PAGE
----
The Cost of the Empty
As the Washington Post notes, the US government spends at least $890,000 each year to maintain about 13,000 empty bank accounts. In terms of why such bank accounts exist , the gist is this: when the government gives out a grant an account is opened to distribute the money. When the grant ends, the account goes to zero. However, unless the account is closed, the government still has to pay the fees to maintain the account.
It might be wondered why the accounts are not simply closed. The answer is that closing an account requires that the grant be audited within 180 days of the account closing. Interestingly, there is actually no penalty for missing the deadline.
While $890,000 is a drop in the vast ocean of government spending, each drop adds to that ocean. Also, there is the fact that this spending literally yields nothing. While people do dispute the value of various programs ranging from food stamps to bridges to nowhere, at least that spending is for something. This is money for nothing and hence should be recognized as wasteful by both parties.
There are no doubt many other such expenditures that produce nothing and benefit no one. It would seem to be rather obvious that Congress should begin cutting the budget by dealing with all these empty expenditures. After all, eliminating such spending would be pure savings at no cost and there would be no special interests to battle or political agendas to address. While such expenditures will probably be relatively small, they would also add up. Also, there is the fact that even such relatively small amounts of money are relatively big in other contexts, such as small programs that do generate a valuable public good.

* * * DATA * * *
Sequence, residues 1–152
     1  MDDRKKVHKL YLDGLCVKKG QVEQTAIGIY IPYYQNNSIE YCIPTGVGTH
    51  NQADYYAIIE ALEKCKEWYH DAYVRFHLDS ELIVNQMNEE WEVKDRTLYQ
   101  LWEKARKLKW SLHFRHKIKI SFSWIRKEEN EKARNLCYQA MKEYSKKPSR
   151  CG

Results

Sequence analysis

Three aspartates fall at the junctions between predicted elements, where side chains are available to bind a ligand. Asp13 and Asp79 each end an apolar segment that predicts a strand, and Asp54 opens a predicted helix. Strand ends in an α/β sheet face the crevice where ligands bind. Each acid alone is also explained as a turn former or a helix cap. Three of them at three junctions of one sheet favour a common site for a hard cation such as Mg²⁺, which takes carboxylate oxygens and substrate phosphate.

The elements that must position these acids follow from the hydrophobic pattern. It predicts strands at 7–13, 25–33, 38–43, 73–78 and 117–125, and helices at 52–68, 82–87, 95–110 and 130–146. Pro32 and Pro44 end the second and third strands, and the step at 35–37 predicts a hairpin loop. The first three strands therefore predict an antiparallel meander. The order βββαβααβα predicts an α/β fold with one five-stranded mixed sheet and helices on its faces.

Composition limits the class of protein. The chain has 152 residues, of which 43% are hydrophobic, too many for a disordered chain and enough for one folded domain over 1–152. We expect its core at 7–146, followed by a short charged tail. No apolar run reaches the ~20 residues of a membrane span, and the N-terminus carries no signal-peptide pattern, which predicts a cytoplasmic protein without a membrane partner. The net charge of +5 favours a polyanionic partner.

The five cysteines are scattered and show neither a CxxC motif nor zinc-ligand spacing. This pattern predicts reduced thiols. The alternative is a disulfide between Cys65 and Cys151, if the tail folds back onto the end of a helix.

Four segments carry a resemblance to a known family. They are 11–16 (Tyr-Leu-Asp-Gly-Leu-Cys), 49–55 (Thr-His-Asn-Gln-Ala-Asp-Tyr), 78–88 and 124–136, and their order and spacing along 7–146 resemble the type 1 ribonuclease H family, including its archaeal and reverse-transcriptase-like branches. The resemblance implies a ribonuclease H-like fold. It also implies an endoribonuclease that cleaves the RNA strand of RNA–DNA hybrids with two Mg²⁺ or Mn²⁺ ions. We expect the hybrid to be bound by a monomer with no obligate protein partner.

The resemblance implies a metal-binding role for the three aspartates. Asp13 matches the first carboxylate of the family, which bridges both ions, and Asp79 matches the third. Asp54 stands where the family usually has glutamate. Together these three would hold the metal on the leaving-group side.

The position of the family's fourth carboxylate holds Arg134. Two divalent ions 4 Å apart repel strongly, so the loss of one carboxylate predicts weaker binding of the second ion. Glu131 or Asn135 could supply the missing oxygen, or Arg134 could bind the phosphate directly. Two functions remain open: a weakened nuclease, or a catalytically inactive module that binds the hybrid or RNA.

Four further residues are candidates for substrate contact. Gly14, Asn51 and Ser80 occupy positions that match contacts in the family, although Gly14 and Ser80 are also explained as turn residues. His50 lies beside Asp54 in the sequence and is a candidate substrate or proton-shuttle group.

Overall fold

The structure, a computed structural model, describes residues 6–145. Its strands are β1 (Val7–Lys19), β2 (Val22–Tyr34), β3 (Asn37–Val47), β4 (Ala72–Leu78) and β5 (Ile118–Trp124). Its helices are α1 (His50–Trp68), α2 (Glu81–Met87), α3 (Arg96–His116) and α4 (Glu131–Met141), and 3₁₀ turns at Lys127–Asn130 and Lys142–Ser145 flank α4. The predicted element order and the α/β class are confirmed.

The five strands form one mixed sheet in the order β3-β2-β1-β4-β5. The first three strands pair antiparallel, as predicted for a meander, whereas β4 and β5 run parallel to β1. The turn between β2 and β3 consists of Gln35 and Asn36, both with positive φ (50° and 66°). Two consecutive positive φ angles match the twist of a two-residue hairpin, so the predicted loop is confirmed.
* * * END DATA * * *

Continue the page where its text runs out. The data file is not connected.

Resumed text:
As might be guessed, the main reason such expenditures are not addressed is that it is easier to do nothing than to do something. This is, obviously enough, a bad reason.
It is, however, worth considering whether or not the cost of doing nothing exceeds the cost of doing something. Since the accounts must be audited before being closed, it could be argued that the cost of the audit would exceed the savings of closing the account. Thus, while it costs to keep them open, this is saving money.
One obvious reply is that the rules could be changed. After all, if the accounts can be left open indefinitely without an audit, then it would seem cheaper to forgo the audit rule and just close them to save money. After all, if no audit will ever be done, there seems to be no sense in requiring an audit when doing so merely costs money and does not have any positive benefit.
Another obvious reply is that it seems likely that the cost of an audit would not exceed the cost of keeping an account open indefinitely. After all, those payments could continue until the government ends and that could be quite some time.